10. EVIDENCE. — Judicial Notice. — Act of Congress. — Proclamation by President. — Orders Issued by Director General of Railroads. — Judicial notice will be taken of powers conferred on the President by the Act of Congress relating to the Federal Control of railroads in time of war, Act of August 29, 1916, § 1974a U.S. Comp. Stat. 1916, of the proclamation issued by the President assuming control, of the general orders promulgated by the Director General of railroads and of the contracts between the United States and the railroad companies, providing that railroads should have all income and pay all liabilities prior to January 1, 1918. p. 272.
11. RAILROADS. — Injuries to Persons. — Actions. — Federal Control. — An action for injuries causing a death on December 29, 1917, was properly brought against a railroad company under the Act of August 29, 1916, § 1974a U.S. Comp. Stat. 1916, the President's proclamation, the general orders of the Director General of railroads and the contracts entered into by him with the railroads, providing that the railroads were to have all the income and pay all liabilities prior to January 1, 1918. p. 275.
12. TRIAL. — Reception of Evidence. — President's Proclamation. — It was not error for the court to refuse to permit the defendant to read in evidence the proclamation of the President assuming federal control of the railroads, as the proclamation had the effect of law and it was the duty of the court to interpret the law and declare it by instructions for the guidance of the jury. p. 275.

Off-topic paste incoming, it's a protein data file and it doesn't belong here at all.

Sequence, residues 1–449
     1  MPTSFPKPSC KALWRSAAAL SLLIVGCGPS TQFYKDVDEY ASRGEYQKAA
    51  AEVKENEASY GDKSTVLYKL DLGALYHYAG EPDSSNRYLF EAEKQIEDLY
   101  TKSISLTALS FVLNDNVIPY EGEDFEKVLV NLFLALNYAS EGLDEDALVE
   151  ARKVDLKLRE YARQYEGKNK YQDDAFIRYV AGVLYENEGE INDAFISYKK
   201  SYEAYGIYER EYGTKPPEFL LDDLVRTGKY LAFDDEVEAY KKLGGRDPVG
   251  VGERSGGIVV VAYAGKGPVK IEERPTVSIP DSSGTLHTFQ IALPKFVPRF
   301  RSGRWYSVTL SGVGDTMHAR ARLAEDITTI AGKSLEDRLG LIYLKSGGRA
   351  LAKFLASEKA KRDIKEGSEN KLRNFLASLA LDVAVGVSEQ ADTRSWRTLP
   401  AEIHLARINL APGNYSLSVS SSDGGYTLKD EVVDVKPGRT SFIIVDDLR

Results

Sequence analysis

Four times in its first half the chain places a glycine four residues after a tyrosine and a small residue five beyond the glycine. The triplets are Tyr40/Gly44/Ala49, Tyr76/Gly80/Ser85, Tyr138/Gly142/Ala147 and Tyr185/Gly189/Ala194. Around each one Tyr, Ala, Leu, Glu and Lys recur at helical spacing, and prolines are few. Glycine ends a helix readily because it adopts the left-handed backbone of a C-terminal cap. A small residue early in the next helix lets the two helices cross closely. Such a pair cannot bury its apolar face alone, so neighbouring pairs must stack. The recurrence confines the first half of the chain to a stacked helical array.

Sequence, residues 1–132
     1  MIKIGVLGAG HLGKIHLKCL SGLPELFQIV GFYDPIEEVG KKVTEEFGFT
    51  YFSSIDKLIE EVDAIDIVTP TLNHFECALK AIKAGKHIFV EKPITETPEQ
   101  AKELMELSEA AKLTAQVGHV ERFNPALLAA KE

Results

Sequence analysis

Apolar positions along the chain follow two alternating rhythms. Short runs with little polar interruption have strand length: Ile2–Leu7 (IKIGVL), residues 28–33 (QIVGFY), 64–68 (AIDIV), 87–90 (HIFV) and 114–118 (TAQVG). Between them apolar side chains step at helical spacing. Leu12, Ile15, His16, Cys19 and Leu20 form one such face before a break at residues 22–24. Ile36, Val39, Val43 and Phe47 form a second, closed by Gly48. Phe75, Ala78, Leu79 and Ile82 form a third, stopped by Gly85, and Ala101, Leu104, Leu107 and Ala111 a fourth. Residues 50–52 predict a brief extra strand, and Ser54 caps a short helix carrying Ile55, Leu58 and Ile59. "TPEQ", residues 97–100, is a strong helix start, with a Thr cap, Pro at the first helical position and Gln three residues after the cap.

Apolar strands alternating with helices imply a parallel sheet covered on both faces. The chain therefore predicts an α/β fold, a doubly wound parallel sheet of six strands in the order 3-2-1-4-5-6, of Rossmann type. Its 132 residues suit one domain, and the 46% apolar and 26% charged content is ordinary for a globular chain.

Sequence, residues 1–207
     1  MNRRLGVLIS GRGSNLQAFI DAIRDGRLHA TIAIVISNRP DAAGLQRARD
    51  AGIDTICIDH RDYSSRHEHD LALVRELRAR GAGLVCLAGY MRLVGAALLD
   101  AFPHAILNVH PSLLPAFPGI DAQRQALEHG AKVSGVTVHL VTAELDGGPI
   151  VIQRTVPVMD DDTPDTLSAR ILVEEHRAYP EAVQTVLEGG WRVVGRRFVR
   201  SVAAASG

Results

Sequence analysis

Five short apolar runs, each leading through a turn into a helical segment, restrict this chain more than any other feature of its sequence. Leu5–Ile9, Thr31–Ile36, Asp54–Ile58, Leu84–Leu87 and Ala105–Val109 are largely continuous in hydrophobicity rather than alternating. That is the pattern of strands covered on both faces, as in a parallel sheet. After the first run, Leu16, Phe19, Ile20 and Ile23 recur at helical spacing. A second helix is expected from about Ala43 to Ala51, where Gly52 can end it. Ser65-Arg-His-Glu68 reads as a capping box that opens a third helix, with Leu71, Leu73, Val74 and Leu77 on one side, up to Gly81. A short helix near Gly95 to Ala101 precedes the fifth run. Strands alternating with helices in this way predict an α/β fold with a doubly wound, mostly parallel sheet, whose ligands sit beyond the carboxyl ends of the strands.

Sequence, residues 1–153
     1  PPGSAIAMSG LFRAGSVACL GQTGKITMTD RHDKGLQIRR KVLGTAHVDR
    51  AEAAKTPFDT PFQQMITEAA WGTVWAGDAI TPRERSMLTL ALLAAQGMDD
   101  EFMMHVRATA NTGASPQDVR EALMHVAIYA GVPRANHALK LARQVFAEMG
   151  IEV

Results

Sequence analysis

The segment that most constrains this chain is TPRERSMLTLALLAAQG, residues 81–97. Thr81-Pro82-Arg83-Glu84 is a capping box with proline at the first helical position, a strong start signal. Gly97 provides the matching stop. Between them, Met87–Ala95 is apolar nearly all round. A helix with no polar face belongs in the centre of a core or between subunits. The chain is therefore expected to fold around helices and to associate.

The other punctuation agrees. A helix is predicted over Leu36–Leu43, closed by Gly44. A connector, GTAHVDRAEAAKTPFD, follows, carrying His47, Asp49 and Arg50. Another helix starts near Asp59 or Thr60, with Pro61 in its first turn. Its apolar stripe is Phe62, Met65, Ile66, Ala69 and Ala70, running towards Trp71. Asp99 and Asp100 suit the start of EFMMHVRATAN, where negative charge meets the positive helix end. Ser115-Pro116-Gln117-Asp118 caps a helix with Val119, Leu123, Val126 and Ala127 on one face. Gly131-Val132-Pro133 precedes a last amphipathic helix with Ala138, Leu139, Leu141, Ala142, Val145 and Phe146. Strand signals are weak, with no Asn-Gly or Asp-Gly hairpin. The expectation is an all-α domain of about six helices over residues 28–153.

13. EVIDENCE. — Judicial Knowledge. — Laws Within Jurisdiction. — Judicial knowledge will be taken by the court of the law in force within the jurisdiction and it need not be pleaded and proved. p. 275.
14. COMMERCE. — Interstate Commerce. — Federal Law. — Measure of Damages. — When persons engage in interstate commerce under the federal law the limitation of the state law as to the liability for damages for causing the death of an employee no longer applies and it cannot be looked to in determining whether the damages assessed by the jury in a case governed by the federal law are excessive. p. 276.
15. APPEAL. — Preservation of Grounds of Review. — Motion for New Trial Within Time Allowed. — No question was presented on appeal when it did not sufficiently appear that objections to certain instructions were duly presented to the trial court for review by a motion for new trial within the time allowed. p. 277.
16. JUDGMENT. — Nunc Pro Tunc Entry After Term. — Jurisdiction of Court. — In order that a court may have jurisdiction to correct an error in a final judgment, due to the inadvertence of the clerk, by an entry nunc pro tunc after the close of the term at which the final judgment was rendered, it must appear both that notice of such intended action had been given to the judgment plaintiff and that there was a written memorandum to amend by showing that the motion had been filed on that date. p. 277.
From Scott Circuit Court; John R. Carney, Judge.
Action by Gustav A. Berdon, administrator, against the Baltimore and Ohio Southwestern Railroad Company. From judgment for the plaintiff, the defendant appeals. Affirmed.
McMullen McMullen, Samuel B. Wells, M.R. Waite and W.A. Eggers, for appellant.
Thomas E. Honan and Beckett Beckett, for appellee.
Appellee recovered a verdict and judgment against appellant for $30,000 for the death of his decedent, Joseph F. Hornung. Overruling appellant's motion to make the complaint more specific, overruling its demurrer to the complaint, and overruling its motion for a new trial are assigned as error.